Testing Artificial Intelligence on German Soccer Fields | Germany| News and in-depth reporting from Berlin and beyond | DW | 16.05.2006
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Testing Artificial Intelligence on German Soccer Fields

German researchers play a key role in developing the robots that Robocup organizers hope will take the field against a human soccer team -- and win -- by 2050. Human scouting can start this June in Bremen.


Are these the Beckhams and Ronaldinhos of the future?

Even without shin pads, a bruise would be more likely than a broken leg if "Robotinho" were to slide tackle a person. In fact, the move would probably do more damage to the lightweight metal frame and electronics that fill the five-kilo, 60-cm (11-pound, 23-inch) robot than the opposing player -- if it was capable of sliding.

"Moving forward on two legs is not so reliable," said Sven Behnke of some of the humanoid robots he has created at the Albert-Ludwigs University in Freiburg, home to "Robotinho" as well as "Sepp" and "Jupp," two other robots that won an April Robocup event in Holland. "They often end up pushing each other over when they get close to each other and fight for the ball."

BdT Fußballroboter Sepp und Jupp

"Sepp" and "Jupp" are among the 2006 Robocup favorites

How far Behnke and his team have come with their robots will be put to the test next month in Bremen, where robots on some 350 teams from 40 countries play in four size-based leagues and one computer-based simulation league at the 10th Robot World Cup, an international initiative designed to research and development of robotics and artificial intelligence.

No remote co n trols allowed

Just like the players on soccer's more traditional pitches, the robots make their own decisions when it comes to shooting or passing. While a human defender's umpteenth clearance into the upper-deck may look robotic to fans hoping for a goal, getting robots to decide they need more time to defend is just one of the problems facing programmers.

Each robot has to recognize objects on the field, know where it is in relation to other players, dribble the ball and follow a set of simplified, FIFA-based rules independent of outside influence. Ideally, they should also show some team spirit by cooperating with each other.

"Everything humans can do naturally has to be programmed in the robots," Mainz University's Peter Dauscher said of the machines, which can cost upwards of 3,000 euros ($3,851). "They need to be able to analyze the situation and decide what they should do."

RoboCup 2002, Zweibeinige Asimos beim Elfmeterschießen

Not much competition for humans at the moment

Robocup organizers -- the sport has two international robot soccer federations, similar to world soccer governing body FIFA, as well as numerous national clubs -- have set an ambitious goal of fielding a team capable of beating a human World Cup team by 2050.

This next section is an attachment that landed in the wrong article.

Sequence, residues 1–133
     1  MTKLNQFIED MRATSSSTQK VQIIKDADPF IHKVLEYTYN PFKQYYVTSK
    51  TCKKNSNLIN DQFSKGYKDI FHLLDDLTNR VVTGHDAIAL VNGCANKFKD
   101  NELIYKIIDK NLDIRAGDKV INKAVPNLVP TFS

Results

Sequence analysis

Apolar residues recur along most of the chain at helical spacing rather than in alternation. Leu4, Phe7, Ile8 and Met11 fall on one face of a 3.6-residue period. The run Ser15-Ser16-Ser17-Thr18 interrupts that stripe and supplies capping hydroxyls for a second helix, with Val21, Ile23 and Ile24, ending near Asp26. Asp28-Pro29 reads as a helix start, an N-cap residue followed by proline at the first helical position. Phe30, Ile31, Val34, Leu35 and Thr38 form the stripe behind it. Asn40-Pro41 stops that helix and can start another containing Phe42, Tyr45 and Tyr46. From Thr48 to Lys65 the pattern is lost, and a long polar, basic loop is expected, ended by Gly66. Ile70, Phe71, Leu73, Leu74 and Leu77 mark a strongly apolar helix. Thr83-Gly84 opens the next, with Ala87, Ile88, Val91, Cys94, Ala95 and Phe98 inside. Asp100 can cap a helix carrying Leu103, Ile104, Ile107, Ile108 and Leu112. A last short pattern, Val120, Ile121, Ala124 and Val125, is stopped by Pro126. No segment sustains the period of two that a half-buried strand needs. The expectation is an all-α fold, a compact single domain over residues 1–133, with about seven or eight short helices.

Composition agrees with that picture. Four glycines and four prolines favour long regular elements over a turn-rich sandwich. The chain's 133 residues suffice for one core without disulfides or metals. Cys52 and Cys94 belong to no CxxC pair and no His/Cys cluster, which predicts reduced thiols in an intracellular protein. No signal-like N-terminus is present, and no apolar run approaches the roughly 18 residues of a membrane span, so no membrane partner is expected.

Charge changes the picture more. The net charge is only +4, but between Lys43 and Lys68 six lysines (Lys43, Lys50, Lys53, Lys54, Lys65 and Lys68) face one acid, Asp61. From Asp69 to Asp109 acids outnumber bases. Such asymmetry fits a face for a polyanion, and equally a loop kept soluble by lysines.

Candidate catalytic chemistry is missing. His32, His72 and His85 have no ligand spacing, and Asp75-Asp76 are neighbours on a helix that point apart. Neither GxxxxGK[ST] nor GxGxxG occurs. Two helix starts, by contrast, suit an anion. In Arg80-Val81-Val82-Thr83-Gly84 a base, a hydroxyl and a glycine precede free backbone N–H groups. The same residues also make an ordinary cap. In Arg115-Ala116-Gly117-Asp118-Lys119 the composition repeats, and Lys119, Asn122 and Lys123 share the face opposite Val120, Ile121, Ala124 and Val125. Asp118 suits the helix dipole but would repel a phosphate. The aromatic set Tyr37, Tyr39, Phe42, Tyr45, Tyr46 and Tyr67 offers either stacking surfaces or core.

"It's a very ambitious goal," Dauscher said. "Right now the robots have a hard time playing against three-year-olds."

Co n fere n ces drive scie n tific developme n t

To help speed up development, the competitions are accompanied by scientific conferences where researchers are able to share information and detail how their droids process the thousands of decisions involved in a soccer game.

A detailed set of rules exists to help the robots play autonomously. The white sidelines and the orange ball look familiar, but different colored goals -- one blue and one yellow -- are intended purely to help the robots calculate where they are on the field.

"What is taking place in the humanoid league does not really have very much in common with a soccer game," said Dauscher, describing robot soccer's lack of end-to-end action.

Humanoiden Liga

Don't expect him to celebrate, researchers are pleased when he doesn't fall over

Despite the slower pace and fewer players on the field, two-on-two matches started in the humanoid league last year, and fans are still willing to watch robots battle to become Robocup champions.

There were 180,000 at the 2005 Osaka Robocup, and Hubert Borgmann of Messe Bremen, one of the 2006 Robocup organizers, said he expects about 30,000 visitors in addition to the 2,500 researchers at the June 14 to June 18 event in the northern German city. He said the attendance difference is due to a greater acceptance of robots in Japan.

Probi n g o n a level playi n g field, literally

The soccer and robotics fans who do attend shouldn't expect to see robots dancing in celebration with the corner flag after scoring a goal -- that's far from the researchers' main goal. Instead the competition is used to put the robots in a standardized situation, which keeps different research groups from using different criteria to measure their performance while testing the robot's ability to perceive its surroundings.

Fraunhofer Haushaltsroboter

Today the pitch, tomorrow the living room?

"The soccer tournament is a good test area for many aspects of what is being developed," Dauscher said, adding that advanced mechanics, photo recognition and artificial intelligence are among the many skills researchers are still trying to teach robots. "In the game the robots see the ball, their opponents and the goalposts, in a daily situation it could be the cat, a chair and the oven."

The scientists admit their research isn't far enough along that robots are going to start taking over household duties or the soccer field soon, however, they also agreed robotics and artificial intelligence continues to develop quickly, making it extremely difficult to predict how the robots could be used in the future.

"Computers 50 years ago were dinosaurs compared to today's pocket computers and mobile phones," Behnke said. "The technology can develop dramatically, so it's difficult to predict what is going to happen."

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